No thanks, Facebook, I'm happier as a dinosaur
I did it to rejoin the other dinosaurs like myself who feel more comfortable there.
Several weeks ago, I wrote a column saying that I was considering deleting my Facebook account because of all of the unannounced changes they tended to spring on us.
Last week, I deleted my account. Just walked away from the whole thing. But I did it for another reason.
I note that, since doing this, my world hasn't ended. My friends still call. My truck still starts. The sun still rises and sets and my dog still growls at the ceiling. In the grand scheme of things, it appears that nothing much has changed.
Many of you know that I have a certain comfort zone as regards privacy and, more and more, I found that the things that were happening on Facebook were taking me outside of that zone.
For those new to this column, that zone reaches its zenith every fall when I spend 12 days in a tent located in the foothills outside of Twisp. No television. No cell phone reception and, certainly, no Internet or Facebook. I won't go into the topic of showers and the like, but there is a lot of down time and a whole bunch of privacy.
In this matter, I readily concede that there's much about the Internet -- and its social networking sites -- that's good. Politicians are still saying and doing the dumb things they've always said or done before, but voters' teeth now start grinding much more quickly because everyone now has some kind of camera available.
The information avalanche starts when the photographer posts something and, suddenly, everybody is (yet again) made aware of the fact that, as regards our elected betters, there's not much that's changed regarding their behavior since they first appeared on the planet.
Politicians being politicians, however, this also means that the "spin cycle" of "explanations" (for lack of a better term) for their behavior now begins to get wide dissemination much more quickly.
Too, even though there are still ruling regimes in other nations that make the world cringe, it's apparent that both the Internet and social networks have become a huge thorn in their sides. Now, people can more easily see how things are in other parts of the world and this sets them to asking some rather tough questions that their leaders don't really like -- or want -- to answer.
Still, I've deleted my account. I'm not sure that that's entirely true since I don't really believe that what we do on Facebook -- or elsewhere on the Internet -- is ever actually deleted. It's probably still out there ready to be "accessed" by someone who wants to know something about us.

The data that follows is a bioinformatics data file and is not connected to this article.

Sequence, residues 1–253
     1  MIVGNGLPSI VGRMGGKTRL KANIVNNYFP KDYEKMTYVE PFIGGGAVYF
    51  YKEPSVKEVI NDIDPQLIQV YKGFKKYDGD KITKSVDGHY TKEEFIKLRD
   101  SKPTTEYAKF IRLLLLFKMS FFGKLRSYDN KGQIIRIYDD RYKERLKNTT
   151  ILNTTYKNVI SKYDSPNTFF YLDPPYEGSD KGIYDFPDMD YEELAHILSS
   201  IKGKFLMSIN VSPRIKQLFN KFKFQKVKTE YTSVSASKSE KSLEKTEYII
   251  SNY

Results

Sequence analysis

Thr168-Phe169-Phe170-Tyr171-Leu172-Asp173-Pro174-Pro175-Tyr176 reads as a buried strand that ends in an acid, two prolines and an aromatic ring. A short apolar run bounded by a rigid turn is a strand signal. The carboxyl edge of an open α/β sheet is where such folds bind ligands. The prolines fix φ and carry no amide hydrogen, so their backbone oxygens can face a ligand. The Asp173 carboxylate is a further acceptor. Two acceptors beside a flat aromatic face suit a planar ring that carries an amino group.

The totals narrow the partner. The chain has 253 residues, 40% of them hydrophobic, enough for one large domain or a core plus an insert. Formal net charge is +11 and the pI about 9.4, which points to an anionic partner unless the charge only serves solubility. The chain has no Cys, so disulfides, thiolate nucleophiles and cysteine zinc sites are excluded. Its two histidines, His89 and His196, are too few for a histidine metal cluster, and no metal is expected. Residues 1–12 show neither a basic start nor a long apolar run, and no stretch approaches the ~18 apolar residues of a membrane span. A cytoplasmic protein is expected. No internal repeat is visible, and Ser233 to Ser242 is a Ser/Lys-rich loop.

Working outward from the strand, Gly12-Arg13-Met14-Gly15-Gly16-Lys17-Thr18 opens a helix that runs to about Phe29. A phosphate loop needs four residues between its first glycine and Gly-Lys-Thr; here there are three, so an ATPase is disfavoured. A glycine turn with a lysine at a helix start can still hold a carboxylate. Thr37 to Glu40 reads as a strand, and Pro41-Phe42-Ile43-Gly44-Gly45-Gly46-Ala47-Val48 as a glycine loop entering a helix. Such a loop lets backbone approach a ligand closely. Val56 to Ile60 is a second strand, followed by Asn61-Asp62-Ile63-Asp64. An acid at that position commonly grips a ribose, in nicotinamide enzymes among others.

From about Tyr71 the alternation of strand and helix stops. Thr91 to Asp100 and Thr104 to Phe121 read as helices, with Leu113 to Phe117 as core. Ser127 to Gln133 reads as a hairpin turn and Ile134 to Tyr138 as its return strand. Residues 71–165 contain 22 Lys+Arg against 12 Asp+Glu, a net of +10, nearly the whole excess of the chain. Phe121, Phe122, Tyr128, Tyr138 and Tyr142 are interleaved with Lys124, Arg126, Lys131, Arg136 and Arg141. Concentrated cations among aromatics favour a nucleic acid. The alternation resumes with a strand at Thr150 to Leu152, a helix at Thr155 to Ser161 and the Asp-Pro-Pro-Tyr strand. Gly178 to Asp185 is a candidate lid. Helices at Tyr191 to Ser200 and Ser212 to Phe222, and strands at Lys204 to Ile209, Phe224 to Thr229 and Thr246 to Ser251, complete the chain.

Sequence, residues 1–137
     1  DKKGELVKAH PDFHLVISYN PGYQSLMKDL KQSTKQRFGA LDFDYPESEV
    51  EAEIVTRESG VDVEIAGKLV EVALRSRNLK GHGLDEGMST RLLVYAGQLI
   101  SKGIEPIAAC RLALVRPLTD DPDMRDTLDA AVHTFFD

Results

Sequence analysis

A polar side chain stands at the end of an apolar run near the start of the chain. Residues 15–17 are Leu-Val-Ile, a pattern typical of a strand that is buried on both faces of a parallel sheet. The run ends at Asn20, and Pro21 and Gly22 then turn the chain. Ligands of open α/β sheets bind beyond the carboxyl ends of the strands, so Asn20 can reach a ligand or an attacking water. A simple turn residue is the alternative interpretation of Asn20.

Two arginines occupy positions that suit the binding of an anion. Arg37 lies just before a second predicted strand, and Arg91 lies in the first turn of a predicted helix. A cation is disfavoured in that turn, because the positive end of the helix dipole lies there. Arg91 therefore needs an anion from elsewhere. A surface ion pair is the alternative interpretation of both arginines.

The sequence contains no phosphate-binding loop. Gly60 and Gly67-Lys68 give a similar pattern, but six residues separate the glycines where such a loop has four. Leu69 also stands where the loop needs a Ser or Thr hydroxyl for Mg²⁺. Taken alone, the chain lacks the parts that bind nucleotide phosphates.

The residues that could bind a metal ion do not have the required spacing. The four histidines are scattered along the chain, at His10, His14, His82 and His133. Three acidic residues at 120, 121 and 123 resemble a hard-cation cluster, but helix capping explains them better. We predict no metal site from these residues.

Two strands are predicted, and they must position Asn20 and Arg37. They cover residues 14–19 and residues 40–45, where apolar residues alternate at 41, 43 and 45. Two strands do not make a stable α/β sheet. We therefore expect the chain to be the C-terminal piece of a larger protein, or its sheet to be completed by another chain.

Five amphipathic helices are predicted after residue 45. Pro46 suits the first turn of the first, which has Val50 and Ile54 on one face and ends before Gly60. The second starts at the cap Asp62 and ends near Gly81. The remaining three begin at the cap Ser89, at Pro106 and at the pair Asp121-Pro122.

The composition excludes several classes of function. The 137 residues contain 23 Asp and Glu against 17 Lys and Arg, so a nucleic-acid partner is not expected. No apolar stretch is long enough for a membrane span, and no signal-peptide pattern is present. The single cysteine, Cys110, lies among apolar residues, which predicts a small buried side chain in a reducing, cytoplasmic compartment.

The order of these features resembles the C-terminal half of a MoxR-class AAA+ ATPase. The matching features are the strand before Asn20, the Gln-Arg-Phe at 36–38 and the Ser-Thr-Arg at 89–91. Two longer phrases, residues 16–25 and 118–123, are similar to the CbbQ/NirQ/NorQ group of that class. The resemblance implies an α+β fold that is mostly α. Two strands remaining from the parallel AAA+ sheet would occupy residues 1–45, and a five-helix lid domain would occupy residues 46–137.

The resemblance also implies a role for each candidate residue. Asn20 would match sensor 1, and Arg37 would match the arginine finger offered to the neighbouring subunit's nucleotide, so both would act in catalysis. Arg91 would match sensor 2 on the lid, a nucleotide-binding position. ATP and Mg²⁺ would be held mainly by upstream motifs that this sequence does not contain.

And that, finally, is what did it for me.
They already know too much. They know our "friends." They know what we "like." They can see any comments we've posted. Now, they want us to start a "timeline" of our lives wherein we can post what we looked like, what we did, who we knew, where we were, or where we went all throughout our lives. They also want us to believe that this would be a marvelous thing.
Sorry. Ain't buying that one and, so, I quit -- even though I know that getting off of the "information highway" is impossible.
Credit card companies track our purchases. Search engines record the sites we visit. Cell phone providers make a record of the calls we make and, even, where we've been. Supermarkets track our preferences. Security cameras monitor our behavior in public. And so forth and so on.
But Facebook gave me a choice and I took it. I'm done with helping them know me.
More and more, I find that I'm much like my parents and grandparents as regards "progress." They were comfortable with certain things and never liked others.
My dad, for instance, never liked electric car windows. He preferred rolling them up and down the old fashioned way -- with handles. "Just one more thing to break down" was his standard response whenever the topic came up. I think I understand his feelings on the matter now that I'm older.
Some of us will always be looking for a tar pit in which to stand.
And, when we find one, we're perfectly content to stop there and watch the world continue on its merry way.
Larry Simoneaux lives in Edmonds. Send comments to firstname.lastname@example.org.
- Seems Like Yesterday 3/30/12
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